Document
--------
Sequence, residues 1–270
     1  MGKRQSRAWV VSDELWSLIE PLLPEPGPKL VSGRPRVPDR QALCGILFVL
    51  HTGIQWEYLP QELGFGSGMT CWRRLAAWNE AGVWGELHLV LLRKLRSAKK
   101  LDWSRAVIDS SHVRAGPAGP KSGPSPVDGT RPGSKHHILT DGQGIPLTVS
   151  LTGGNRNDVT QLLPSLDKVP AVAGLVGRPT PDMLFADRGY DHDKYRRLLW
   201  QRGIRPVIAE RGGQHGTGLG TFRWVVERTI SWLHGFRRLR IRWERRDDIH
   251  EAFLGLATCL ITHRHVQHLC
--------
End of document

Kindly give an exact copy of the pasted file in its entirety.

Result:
Sequence, residues 1–270
     1  MGKRQSRAWV VSDELWSLIE PLLPEPGPKL VSGRPRVPDR QALCGILFVL
    51  HTGIQWEYLP QELGFGSGMT CWRRLAAWNE AGVWGELHLV LLRKLRSAKK
   101  LDWSRAVIDS SHVRAGPAGP KSGPSPVDGT RPGSKHHILT DGQGIPLTVS
   151  LTGGNRNDVT QLLPSLDKVP AVAGLVGRPT PDMLFADRGY DHDKYRRLLW
   201  QRGIRPVIAE RGGQHGTGLG TFRWVVERTI SWLHGFRRLR IRWERRDDIH
   251  EAFLGLATCL ITHRHVQHLC